The good news for borrowers is that student loans are overwhelmingly made by the US government, so most individuals will have most or all of their loans eligible.
There are some loans which exist in a gray area, where we still await guidance. FFEL loans are an example of this, as these are private loans that are guaranteed by the government. Another example are the Federal Perkins Loan Program loans, as many of these are held at individual universities and not with the government. Currently, the language of the executive order would exclude these, but it’s possible that they may be included as the program gets underway. If you would like to know if your loans are FFEL or Federal Perkins, you can check the same way as checking if they are Pell Grants (discussed above).
WHAT’S HAPPENING WITH THE PREVIOUS PAUSE ON STUDENT LOAN PAYMENTS?
The pause is still in effect, and as part of Biden’s executive order he has extended it again to December 31, 2022.
WHAT IF I OWE LESS THAN WHAT IS BEING FORGIVEN?
Your loan balance will drop to zero. The forgiveness amount is capped at the outstanding loan balance for each borrower.
WHAT IS THE CUTOFF DATE FOR DEBT FORGIVENESS?
Only student loans taken out prior to July 1st, 2022, will be eligible for loan forgiveness.
WILL THERE BE TAX IMPLICATIONS?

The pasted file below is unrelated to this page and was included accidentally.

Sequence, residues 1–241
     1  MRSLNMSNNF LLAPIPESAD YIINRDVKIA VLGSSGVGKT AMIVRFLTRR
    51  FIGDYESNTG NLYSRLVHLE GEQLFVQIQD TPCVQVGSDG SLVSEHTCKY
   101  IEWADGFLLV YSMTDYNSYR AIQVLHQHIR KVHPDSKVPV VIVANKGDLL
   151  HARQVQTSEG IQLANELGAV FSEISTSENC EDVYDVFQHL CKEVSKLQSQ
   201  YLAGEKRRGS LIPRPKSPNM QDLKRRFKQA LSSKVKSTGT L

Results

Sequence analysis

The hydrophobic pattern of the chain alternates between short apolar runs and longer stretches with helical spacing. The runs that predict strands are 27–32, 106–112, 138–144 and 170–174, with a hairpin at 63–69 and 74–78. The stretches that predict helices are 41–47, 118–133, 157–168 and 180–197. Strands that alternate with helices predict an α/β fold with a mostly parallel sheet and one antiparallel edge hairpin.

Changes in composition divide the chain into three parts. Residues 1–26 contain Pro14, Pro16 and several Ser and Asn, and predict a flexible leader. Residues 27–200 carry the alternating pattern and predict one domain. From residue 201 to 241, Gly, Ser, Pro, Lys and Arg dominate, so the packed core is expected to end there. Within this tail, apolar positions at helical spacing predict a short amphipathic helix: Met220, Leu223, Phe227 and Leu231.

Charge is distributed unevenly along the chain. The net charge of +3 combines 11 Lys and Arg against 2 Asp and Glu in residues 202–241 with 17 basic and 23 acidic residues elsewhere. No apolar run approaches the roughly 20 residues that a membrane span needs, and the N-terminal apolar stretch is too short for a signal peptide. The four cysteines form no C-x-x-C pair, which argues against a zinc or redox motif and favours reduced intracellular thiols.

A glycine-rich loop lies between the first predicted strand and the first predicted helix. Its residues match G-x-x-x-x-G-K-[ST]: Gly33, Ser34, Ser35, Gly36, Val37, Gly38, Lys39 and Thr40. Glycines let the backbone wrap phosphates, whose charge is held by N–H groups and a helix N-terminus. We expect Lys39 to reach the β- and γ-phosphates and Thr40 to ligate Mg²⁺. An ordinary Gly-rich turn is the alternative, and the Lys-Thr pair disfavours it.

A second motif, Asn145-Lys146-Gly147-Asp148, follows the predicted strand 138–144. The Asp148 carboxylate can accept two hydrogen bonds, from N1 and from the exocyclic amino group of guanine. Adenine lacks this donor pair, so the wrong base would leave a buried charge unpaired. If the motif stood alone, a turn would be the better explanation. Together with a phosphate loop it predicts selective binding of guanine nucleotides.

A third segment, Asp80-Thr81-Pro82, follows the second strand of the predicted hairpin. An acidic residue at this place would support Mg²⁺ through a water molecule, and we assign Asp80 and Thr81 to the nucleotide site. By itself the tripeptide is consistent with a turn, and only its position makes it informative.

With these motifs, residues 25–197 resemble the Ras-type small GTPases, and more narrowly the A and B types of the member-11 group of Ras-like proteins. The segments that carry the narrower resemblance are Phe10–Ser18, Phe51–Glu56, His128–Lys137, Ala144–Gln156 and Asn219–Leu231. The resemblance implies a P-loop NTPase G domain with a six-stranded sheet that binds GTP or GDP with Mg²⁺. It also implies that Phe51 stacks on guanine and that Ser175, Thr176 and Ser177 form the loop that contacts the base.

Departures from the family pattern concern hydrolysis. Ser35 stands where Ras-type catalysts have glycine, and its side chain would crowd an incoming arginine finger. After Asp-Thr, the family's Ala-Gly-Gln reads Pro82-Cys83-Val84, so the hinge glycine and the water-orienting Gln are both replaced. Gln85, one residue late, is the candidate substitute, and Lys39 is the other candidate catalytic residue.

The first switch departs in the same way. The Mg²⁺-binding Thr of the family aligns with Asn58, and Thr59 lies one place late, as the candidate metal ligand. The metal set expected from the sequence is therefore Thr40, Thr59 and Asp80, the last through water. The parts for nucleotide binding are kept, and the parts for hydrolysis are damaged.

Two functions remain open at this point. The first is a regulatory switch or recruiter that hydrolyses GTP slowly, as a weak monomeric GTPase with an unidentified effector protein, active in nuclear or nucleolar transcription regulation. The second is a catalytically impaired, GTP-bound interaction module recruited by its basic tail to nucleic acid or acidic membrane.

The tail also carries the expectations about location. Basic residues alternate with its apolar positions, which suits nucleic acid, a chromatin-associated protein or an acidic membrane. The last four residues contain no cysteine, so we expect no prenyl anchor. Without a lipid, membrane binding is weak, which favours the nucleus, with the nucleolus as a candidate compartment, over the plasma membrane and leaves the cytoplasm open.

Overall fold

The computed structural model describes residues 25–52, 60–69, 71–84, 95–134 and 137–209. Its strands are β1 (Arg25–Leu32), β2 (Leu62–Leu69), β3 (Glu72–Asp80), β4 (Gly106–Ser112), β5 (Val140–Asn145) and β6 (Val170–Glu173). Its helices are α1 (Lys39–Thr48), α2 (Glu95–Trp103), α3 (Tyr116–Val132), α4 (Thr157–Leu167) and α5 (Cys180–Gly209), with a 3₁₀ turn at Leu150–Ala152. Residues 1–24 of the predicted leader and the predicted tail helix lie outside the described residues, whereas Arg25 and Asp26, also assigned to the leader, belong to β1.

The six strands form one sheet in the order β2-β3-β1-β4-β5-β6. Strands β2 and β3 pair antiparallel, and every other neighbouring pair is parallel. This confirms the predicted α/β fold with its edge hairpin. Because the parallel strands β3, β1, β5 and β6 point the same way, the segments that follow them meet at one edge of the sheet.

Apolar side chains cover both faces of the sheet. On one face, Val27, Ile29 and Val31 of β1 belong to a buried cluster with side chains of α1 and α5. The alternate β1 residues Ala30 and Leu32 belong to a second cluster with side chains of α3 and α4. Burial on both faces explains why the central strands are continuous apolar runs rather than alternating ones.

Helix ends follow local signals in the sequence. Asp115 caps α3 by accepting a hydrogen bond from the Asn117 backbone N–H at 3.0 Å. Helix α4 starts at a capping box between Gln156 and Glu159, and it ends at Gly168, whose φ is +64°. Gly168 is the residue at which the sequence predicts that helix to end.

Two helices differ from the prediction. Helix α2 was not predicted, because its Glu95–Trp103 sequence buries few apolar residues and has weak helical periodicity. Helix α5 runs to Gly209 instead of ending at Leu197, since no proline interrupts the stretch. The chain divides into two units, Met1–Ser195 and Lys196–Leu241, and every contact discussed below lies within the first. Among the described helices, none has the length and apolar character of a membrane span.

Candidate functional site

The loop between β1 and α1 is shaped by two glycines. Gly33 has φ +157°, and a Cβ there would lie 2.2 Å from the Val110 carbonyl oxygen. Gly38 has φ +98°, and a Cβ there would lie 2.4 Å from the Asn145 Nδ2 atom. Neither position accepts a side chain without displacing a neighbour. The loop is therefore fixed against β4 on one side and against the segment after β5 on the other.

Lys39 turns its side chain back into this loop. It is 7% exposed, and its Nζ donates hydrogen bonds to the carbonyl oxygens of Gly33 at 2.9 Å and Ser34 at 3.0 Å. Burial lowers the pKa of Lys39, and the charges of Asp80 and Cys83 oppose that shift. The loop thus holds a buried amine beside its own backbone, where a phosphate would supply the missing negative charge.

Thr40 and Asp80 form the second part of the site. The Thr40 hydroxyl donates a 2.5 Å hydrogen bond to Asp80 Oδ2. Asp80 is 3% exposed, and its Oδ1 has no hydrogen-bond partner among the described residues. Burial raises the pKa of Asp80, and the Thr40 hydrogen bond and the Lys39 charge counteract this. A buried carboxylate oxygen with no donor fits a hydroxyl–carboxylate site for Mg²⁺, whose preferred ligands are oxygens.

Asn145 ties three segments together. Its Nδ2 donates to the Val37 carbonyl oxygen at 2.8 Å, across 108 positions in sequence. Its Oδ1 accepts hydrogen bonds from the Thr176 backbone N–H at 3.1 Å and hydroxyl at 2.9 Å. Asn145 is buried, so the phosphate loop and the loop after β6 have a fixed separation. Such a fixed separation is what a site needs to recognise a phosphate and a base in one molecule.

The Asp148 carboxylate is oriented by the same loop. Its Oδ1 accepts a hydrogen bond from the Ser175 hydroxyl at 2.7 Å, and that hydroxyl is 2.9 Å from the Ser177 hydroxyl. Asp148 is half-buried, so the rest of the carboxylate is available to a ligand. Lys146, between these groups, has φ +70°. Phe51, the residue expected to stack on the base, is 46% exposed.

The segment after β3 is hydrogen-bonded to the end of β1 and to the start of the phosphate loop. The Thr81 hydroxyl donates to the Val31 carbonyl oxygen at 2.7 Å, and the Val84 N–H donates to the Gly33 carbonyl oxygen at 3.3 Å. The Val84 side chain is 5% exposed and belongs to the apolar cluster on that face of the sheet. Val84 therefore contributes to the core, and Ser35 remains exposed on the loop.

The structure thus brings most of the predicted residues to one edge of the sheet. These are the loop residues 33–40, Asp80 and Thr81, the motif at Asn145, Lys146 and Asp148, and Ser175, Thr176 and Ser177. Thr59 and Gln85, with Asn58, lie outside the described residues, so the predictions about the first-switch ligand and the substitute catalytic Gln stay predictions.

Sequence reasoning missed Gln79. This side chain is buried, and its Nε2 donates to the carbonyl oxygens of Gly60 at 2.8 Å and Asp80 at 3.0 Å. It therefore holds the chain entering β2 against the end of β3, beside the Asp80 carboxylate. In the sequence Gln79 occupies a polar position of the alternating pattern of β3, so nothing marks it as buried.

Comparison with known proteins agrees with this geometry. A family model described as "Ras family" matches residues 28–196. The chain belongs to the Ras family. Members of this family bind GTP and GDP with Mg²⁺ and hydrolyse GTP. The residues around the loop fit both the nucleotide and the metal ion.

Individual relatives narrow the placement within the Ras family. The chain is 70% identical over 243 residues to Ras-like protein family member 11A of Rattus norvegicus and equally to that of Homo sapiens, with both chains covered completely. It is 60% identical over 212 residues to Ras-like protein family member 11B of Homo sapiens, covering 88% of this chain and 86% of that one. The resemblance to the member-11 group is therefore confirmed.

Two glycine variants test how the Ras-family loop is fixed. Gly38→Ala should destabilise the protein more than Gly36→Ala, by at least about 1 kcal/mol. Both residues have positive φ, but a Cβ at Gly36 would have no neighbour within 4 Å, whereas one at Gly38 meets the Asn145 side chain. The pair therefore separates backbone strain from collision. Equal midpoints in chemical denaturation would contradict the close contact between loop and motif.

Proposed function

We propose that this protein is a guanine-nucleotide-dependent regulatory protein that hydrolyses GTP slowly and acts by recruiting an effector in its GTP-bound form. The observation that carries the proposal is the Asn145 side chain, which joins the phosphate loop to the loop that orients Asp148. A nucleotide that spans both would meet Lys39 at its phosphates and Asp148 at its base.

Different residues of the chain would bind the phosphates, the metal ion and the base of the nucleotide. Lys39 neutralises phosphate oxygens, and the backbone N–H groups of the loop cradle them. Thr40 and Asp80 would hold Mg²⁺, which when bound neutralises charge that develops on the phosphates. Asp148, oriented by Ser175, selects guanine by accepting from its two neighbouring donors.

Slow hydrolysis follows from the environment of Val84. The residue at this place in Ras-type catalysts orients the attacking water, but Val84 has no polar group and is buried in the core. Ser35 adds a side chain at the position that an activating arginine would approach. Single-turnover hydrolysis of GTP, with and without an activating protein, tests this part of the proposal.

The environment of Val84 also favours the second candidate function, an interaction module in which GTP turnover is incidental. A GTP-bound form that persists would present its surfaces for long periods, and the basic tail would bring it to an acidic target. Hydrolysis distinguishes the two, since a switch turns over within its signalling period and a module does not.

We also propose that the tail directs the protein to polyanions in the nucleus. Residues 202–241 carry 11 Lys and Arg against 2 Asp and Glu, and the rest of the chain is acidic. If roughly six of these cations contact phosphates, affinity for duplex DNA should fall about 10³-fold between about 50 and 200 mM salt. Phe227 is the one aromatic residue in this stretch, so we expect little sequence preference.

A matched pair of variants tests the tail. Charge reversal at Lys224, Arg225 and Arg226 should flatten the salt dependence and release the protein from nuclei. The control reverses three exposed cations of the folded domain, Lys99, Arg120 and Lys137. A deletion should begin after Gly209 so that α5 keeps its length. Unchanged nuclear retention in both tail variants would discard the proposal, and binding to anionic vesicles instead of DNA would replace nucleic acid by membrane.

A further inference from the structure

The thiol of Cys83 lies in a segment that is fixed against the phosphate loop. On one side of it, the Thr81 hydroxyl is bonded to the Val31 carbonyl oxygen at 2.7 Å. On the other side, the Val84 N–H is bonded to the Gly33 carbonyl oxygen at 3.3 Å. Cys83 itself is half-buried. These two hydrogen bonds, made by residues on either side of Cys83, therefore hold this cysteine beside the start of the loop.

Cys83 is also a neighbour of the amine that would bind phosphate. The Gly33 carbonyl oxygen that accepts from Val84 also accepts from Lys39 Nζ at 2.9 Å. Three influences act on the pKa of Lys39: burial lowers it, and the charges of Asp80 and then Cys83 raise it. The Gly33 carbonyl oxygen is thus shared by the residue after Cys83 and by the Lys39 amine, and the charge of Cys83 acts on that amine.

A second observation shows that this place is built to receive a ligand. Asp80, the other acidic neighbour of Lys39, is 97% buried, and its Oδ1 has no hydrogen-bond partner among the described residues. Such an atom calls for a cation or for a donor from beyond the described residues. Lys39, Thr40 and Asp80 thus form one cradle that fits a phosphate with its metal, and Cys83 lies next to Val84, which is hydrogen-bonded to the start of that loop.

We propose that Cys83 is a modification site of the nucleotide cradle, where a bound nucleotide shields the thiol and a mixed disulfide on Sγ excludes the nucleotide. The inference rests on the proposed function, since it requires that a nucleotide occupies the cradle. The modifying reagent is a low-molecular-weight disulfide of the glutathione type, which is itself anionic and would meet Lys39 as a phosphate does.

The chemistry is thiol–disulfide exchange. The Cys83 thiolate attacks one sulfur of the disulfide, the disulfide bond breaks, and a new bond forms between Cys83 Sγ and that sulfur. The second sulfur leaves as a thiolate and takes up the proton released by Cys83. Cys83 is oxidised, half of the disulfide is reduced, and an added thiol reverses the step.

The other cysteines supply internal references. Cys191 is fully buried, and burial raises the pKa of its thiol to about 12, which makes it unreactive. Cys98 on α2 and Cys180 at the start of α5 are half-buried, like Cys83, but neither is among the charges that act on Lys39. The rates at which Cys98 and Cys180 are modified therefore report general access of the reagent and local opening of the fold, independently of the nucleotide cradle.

Federal Taxes = No!
State taxes = Maybe!
Loan forgiveness is generally added to your tax return as income (i.e. if you have $1,000 forgiven or written off, you have to add that $1,000 to your total annual income and then pay taxes on that $1,000). However, student loan forgiveness is currently exempt from being federally taxed until the end of 2025. As a result, there will be no federal taxation of student loan forgiveness.
At the state tax level, it’s more complicated. There are 13 states that currently would tax the loan forgiveness. These states are: Arkansas, Hawaii, Idaho, Kentucky, Massachusetts, Minnesota, Mississippi, New York, Pennsylvania, South Carolina, Virginia, West Virginia, and Wisconsin. However, we saw a similar situation recently with the COVID-Era PPP program. The forgiveness for PPP was taxable at the state level in many states, but several of those states passed laws making it non-taxable. It’s likely that we would see similar movements by states for student loan forgiveness.
WHEN CAN I APPLY FOR LOAN FORGIVENESS?
Online applications are expected to be available in early October, and officials are encouraging borrowers to submit their applications prior to November 15th, 2022.
WHERE CAN I SUBMIT THE FORGIVENESS APPLICATION?
This information has not been made available yet, but it’s expected to be through the official Department of Education website.
WANT TO STAY UP TO DATE?
You can subscribe for updates directly from the US Department of Education here: https://www.ed.gov/subscriptions
We want to make sure you’re well informed as to what this all actually means for your financial health because this portion of your life is connected to your overall wellness. Feel free to refer back to this as you engage in your financial wellness practice and let us know if you have more questions!